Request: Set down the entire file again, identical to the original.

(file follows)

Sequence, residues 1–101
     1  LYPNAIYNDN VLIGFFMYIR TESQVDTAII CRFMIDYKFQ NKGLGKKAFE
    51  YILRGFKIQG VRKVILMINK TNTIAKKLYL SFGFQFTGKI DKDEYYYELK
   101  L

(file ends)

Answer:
Sequence, residues 1–101
     1  LYPNAIYNDN VLIGFFMYIR TESQVDTAII CRFMIDYKFQ NKGLGKKAFE
    51  YILRGFKIQG VRKVILMINK TNTIAKKLYL SFGFQFTGKI DKDEYYYELK
   101  L